In secret negotiations that excluded South Vietnamese President Nguyen Van Thieu, Kissinger and North Vietnam agreed to a cease-fire, U.S. removal of all troops, and a national council to oversee democratic elections in the South. The cease-fire, however, was a "cease-fire in place," meaning that up to 300,000 North Vietnamese troops could stay in South Vietnam.
Thieu was furious, even though the agreement would allow him to retain his presidency. Not only was he disregarded in the process, much of his country would be occupied.
While Kissinger announced on October 26, 1972, that "peace is at hand," Thieu demanded the treaty be reworked. North Vietnamese diplomat Le Duc Tho began backpedaling on the treaty, thinking Nixon and Kissinger had hoodwinked him.
Nixon could not accept failure of the peace initiative. The announcement handed Nixon a landslide victory against Democratic Senator George McGovern, who based his entire campaign on an anti-war platform. Plus, he feared the U.S. Congress would force an end to the war in January if he had not ended it by then.
The Christmas Bombing
Thus, the Christmas Bombing. Nixon needed a military solution to the diplomatic roadblock for three reasons:
- To force North Vietnam back to the bargaining table.
- To let the world know that the U.S. still dealt from a position of power.
- To prove to Thieu that the U.S. had not abandoned him.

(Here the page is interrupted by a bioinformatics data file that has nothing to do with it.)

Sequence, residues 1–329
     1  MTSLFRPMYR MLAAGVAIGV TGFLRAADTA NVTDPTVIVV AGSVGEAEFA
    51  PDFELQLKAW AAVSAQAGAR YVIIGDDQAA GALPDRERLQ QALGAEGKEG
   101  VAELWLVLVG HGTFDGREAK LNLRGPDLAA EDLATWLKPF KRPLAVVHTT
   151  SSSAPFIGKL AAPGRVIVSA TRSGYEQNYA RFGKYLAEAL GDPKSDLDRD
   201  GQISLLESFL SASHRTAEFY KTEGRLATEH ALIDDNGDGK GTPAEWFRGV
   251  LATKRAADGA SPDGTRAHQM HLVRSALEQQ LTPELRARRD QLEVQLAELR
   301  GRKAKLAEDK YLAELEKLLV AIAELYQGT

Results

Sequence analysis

Linebacker II took its name from Linebacker I, an April 1972 U.S. air campaign that blunted a communist offensive in the south. Nixon announced Linebacker II the same day it began, December 18. Because of the holiday season, news outlets were quickly calling the campaign the Christmas Bombing.
For the next 11 days, minus the Christmas Day break, B-52s and tactical fighter-bombers flew 729 sorties over North Vietnam, dropping 15,000 tons of bombs, and hitting some 1,600 military targets. They destroyed rail tracks and cars, some three million gallons of fuel, and airfields, and they knocked out an estimated 80% of the country's electric supply capacity.
North Vietnamese forces responded with anti-aircraft fire, MIG fighters, and nearly 900 surface-to-air missiles (SAMs). Twenty-four of those SAMs hit their targets, but they downed only 15 aircraft, 10 of which were B-52s.
The Christmas Bombing had the result Nixon wanted. By December 26, North Vietnam was indicating its willingness to return to negotiations. On December 29, Nixon halted the bombing. In January 1973, Nixon and Kissinger announced that the U.S. and North Vietnam had signed a peace treaty -- which was basically unchanged from the October 1972 version. By the end of January, American prisoners of war were returning home, and by March the American combat experience in Vietnam was over.
North Vietnam did not consider the Christmas Bombing a defeat. Rather it was just another step in its conquest of South Vietnam. With the U.S. out of the way, communists were able to take the south in 1975.
Nevertheless, Nixon could claim victory. By using force as evidence that the U.S. was not weak, he had secured a diplomatic end to the divisive Vietnam War.